Although contract law generally does not, by its own force, limit liability based on tort concepts of fault, parties are of course free to contract for such limitations. See Restatement (Second), at 309 (obligor who wishes to avoid strict liability for breach may “limi[t] his obligation by agreement”). Here, however, the safe-berth clause is clear that the parties contracted for no such thing. CARCO does not identify—nor can we discern—any language in the clause hinting at “due diligence” or related concepts of “fault.” That omission is particularly notable in context: Where the parties intended to limit obligations based on due diligence elsewhere in the charter party, they did so expressly. See Addendum to Brief for Petitioners 4a (providing that the vessel “b[e] seaworthy, and hav[e] all pipes, pumps and heater coils in good working order, . . . so far as the foregoing conditions can be attained by the exercise of due diligence”); id.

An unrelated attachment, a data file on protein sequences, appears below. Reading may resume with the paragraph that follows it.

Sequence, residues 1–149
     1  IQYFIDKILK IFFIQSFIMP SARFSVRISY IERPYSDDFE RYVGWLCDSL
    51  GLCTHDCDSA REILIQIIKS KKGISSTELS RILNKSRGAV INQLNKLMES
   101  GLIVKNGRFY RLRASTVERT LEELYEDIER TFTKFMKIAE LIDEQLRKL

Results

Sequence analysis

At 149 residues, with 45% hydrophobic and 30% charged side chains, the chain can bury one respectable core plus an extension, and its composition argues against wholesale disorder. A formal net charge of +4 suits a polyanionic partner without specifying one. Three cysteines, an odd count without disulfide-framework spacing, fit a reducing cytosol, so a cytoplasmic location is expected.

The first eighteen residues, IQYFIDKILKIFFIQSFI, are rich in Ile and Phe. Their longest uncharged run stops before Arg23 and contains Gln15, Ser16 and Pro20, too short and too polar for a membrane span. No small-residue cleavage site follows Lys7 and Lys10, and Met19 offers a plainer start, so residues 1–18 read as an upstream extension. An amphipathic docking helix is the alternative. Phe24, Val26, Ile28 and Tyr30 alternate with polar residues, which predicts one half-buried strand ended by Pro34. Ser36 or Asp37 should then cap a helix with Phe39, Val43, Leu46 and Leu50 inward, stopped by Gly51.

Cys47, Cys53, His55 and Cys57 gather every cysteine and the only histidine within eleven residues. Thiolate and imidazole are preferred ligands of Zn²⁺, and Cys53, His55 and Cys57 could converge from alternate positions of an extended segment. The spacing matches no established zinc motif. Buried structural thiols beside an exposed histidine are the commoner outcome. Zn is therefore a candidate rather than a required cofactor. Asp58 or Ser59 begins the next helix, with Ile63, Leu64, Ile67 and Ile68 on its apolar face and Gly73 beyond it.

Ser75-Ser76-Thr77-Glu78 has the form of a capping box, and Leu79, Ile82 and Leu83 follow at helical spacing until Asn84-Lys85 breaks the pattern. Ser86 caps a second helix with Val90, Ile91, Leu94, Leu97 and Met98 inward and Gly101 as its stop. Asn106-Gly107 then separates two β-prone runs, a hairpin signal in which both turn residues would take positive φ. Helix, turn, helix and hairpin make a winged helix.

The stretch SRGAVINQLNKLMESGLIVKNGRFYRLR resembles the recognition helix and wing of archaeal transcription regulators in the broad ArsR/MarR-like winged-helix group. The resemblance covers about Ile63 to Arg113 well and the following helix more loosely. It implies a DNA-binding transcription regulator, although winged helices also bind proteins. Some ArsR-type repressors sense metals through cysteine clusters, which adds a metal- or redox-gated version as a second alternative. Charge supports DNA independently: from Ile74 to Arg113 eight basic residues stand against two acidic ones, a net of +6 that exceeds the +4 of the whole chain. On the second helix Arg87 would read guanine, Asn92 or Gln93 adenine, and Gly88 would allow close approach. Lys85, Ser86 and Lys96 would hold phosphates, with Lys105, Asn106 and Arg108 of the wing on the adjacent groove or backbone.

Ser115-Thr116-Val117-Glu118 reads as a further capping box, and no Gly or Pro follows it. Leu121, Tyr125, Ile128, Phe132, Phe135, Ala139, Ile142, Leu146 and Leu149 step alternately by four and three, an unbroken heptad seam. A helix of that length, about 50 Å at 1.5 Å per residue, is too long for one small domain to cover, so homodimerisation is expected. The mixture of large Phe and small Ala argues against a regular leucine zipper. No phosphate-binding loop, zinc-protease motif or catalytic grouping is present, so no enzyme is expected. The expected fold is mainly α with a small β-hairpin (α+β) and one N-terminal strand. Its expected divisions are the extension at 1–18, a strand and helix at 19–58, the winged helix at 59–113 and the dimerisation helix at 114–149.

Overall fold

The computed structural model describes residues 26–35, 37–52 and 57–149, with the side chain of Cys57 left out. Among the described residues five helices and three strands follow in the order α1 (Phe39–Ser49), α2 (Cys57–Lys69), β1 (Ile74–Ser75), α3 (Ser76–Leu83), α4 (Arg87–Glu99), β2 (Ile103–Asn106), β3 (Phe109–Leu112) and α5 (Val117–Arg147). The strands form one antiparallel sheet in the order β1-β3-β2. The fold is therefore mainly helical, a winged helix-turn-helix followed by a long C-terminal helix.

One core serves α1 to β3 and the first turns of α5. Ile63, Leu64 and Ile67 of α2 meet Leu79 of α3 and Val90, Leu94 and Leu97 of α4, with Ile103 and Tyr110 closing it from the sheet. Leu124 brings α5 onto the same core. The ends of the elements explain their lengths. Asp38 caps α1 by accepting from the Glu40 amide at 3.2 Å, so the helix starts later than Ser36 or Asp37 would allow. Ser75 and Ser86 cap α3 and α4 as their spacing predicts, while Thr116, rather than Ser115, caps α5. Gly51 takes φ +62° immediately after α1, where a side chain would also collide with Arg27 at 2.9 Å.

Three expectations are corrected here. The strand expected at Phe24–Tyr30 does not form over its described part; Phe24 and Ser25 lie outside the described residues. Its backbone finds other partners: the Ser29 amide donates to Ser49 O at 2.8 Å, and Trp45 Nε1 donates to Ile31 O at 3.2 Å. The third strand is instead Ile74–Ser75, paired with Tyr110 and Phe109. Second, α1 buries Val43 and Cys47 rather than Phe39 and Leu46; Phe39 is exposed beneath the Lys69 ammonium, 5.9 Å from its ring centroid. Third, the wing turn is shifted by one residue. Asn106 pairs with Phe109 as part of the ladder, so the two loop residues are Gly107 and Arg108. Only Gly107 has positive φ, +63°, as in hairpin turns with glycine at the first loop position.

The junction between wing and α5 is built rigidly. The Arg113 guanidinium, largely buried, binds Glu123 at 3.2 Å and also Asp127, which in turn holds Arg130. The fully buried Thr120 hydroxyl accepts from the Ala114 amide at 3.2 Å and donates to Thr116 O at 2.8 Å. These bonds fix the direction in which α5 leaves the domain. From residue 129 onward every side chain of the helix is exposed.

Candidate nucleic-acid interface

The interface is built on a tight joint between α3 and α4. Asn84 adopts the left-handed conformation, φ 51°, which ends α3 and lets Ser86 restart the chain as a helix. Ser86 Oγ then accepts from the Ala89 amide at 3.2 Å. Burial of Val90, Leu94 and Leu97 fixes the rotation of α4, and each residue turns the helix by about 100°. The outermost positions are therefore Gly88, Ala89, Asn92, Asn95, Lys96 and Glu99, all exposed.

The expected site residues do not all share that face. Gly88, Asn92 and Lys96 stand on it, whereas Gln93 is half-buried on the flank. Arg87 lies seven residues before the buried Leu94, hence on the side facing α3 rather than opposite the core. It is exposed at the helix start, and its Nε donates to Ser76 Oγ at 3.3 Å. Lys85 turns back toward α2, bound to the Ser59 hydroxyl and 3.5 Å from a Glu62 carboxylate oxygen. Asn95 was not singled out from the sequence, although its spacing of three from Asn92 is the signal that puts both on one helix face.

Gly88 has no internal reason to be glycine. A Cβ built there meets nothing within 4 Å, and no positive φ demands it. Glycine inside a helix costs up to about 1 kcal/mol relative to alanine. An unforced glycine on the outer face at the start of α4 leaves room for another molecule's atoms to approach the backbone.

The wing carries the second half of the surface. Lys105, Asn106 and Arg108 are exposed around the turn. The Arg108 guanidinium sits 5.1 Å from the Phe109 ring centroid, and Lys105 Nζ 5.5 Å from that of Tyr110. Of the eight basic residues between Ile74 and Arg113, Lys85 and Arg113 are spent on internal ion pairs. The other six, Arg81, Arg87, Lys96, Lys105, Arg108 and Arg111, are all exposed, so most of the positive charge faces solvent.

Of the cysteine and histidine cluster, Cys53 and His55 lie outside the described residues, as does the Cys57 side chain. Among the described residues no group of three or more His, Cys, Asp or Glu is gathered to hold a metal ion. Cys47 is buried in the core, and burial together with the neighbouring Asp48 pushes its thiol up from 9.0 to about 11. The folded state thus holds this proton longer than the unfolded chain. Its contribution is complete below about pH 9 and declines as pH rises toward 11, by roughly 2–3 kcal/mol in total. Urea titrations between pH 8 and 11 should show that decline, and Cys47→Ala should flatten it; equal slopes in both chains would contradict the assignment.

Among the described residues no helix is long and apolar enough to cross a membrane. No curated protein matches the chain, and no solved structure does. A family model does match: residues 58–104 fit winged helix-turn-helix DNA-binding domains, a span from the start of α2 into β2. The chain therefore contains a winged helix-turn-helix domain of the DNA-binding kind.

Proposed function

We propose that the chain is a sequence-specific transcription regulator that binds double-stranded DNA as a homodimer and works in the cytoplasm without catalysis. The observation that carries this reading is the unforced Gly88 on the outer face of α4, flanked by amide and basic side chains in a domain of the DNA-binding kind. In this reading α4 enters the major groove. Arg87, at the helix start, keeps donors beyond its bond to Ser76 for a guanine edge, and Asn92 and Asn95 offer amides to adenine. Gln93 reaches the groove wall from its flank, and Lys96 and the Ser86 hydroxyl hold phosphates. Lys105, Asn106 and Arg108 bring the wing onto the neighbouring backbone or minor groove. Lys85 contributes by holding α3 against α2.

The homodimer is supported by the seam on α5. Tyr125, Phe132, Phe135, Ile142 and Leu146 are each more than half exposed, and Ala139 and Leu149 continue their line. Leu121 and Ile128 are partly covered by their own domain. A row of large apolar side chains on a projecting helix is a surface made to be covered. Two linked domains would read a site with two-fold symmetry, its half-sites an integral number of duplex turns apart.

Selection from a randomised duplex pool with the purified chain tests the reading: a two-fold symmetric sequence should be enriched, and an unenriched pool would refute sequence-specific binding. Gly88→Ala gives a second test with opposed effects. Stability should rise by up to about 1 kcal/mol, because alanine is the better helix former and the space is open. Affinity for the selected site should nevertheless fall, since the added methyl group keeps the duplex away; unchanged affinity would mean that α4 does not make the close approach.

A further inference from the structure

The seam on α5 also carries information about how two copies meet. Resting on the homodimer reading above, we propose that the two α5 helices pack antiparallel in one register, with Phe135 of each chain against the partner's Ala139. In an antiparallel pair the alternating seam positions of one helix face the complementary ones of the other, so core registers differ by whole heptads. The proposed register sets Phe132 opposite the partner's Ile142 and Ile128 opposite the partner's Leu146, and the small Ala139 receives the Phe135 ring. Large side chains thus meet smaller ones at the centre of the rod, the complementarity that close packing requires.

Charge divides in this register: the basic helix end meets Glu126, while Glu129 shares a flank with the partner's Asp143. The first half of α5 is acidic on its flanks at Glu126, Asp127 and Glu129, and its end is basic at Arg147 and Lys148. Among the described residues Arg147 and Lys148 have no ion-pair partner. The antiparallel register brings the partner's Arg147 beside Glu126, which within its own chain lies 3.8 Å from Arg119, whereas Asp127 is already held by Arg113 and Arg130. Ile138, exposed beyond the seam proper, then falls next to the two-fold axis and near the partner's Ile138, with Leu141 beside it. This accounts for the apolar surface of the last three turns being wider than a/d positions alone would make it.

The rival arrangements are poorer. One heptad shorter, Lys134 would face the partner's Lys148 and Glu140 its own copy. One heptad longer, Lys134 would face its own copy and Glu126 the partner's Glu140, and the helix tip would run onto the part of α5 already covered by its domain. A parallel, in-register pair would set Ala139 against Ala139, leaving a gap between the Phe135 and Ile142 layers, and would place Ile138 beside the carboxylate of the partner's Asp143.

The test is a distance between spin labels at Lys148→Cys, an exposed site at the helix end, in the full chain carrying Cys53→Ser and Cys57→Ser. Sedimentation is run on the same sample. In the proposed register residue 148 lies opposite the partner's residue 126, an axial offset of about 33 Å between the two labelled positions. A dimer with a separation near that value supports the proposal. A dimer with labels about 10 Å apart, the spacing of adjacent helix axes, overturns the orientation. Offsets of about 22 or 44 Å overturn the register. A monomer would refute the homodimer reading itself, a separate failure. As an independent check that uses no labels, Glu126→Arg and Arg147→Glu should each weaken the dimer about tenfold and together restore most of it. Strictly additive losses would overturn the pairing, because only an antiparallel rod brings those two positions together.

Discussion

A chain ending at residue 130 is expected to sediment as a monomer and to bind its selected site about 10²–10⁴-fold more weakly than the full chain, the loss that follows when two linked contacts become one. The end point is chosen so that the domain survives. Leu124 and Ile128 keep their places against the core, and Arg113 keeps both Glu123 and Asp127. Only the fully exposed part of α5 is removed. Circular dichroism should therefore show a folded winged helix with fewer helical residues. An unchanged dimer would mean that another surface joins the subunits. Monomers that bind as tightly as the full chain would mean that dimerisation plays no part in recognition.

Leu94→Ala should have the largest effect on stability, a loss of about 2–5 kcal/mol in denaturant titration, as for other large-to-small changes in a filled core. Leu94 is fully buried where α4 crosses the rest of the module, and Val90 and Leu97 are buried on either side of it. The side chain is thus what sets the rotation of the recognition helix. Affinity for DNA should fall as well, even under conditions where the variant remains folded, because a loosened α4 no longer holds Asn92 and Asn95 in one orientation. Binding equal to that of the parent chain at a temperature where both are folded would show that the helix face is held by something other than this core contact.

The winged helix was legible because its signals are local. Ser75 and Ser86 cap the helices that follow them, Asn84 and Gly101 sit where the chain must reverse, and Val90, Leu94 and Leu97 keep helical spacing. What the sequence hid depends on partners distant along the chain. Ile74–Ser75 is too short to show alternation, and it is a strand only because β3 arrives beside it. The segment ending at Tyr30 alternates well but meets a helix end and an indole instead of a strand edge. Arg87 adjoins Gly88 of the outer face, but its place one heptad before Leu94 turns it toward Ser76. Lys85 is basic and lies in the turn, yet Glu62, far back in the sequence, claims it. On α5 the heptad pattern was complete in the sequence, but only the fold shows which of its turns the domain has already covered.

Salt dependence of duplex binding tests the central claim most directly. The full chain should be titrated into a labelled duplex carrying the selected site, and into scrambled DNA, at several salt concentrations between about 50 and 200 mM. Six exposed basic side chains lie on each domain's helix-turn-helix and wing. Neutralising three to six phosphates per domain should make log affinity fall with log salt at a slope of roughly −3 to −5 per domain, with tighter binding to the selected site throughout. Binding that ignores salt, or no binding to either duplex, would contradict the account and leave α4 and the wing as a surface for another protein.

, at 13a (relieving vessel owner of responsibility for certain consequences of any “unseaworthiness existing . . . at the inception of the voyage [that] was discoverable by the exercise of due diligence”); id.
, at 41a (requiring vessel owner to “exercise due diligence to ensure that [a drug and alcohol] policy [onboard the vessel] is complied with”).[5
] That the parties did not do so in the safe-berth clause specifically is further proof that they did not intend for such a liability limitation to inhere impliedly.[6